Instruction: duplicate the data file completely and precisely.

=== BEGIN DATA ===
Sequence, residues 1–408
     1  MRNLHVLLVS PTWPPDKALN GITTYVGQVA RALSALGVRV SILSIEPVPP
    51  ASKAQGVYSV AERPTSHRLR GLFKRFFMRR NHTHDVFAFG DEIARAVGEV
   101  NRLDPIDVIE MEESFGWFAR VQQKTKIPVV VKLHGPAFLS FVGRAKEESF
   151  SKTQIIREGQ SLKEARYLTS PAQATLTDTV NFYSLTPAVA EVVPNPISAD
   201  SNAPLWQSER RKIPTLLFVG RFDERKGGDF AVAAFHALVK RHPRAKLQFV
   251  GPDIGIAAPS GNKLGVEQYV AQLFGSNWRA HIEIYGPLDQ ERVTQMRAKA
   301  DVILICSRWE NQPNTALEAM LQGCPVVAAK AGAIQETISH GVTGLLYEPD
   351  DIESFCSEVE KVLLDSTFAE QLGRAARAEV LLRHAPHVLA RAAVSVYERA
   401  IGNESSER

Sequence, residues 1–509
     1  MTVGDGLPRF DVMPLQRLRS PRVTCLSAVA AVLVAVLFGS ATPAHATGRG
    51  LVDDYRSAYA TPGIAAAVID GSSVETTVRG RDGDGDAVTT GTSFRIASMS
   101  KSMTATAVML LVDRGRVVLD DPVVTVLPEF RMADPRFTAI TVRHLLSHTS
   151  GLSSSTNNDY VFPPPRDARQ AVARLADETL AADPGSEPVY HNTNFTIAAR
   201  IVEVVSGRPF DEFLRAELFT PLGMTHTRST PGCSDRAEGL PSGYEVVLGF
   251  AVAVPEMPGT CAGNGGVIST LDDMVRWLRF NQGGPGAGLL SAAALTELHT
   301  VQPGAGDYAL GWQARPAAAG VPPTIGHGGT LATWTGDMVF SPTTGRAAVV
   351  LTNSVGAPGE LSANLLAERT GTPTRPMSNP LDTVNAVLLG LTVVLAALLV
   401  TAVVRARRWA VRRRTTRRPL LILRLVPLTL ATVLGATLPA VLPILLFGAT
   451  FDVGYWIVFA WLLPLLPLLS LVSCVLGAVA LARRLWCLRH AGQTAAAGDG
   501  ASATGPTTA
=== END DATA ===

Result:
Sequence, residues 1–408
     1  MRNLHVLLVS PTWPPDKALN GITTYVGQVA RALSALGVRV SILSIEPVPP
    51  ASKAQGVYSV AERPTSHRLR GLFKRFFMRR NHTHDVFAFG DEIARAVGEV
   101  NRLDPIDVIE MEESFGWFAR VQQKTKIPVV VKLHGPAFLS FVGRAKEESF
   151  SKTQIIREGQ SLKEARYLTS PAQATLTDTV NFYSLTPAVA EVVPNPISAD
   201  SNAPLWQSER RKIPTLLFVG RFDERKGGDF AVAAFHALVK RHPRAKLQFV
   251  GPDIGIAAPS GNKLGVEQYV AQLFGSNWRA HIEIYGPLDQ ERVTQMRAKA
   301  DVILICSRWE NQPNTALEAM LQGCPVVAAK AGAIQETISH GVTGLLYEPD
   351  DIESFCSEVE KVLLDSTFAE QLGRAARAEV LLRHAPHVLA RAAVSVYERA
   401  IGNESSER

Sequence, residues 1–509
     1  MTVGDGLPRF DVMPLQRLRS PRVTCLSAVA AVLVAVLFGS ATPAHATGRG
    51  LVDDYRSAYA TPGIAAAVID GSSVETTVRG RDGDGDAVTT GTSFRIASMS
   101  KSMTATAVML LVDRGRVVLD DPVVTVLPEF RMADPRFTAI TVRHLLSHTS
   151  GLSSSTNNDY VFPPPRDARQ AVARLADETL AADPGSEPVY HNTNFTIAAR
   201  IVEVVSGRPF DEFLRAELFT PLGMTHTRST PGCSDRAEGL PSGYEVVLGF
   251  AVAVPEMPGT CAGNGGVIST LDDMVRWLRF NQGGPGAGLL SAAALTELHT
   301  VQPGAGDYAL GWQARPAAAG VPPTIGHGGT LATWTGDMVF SPTTGRAAVV
   351  LTNSVGAPGE LSANLLAERT GTPTRPMSNP LDTVNAVLLG LTVVLAALLV
   401  TAVVRARRWA VRRRTTRRPL LILRLVPLTL ATVLGATLPA VLPILLFGAT
   451  FDVGYWIVFA WLLPLLPLLS LVSCVLGAVA LARRLWCLRH AGQTAAAGDG
   501  ASATGPTTA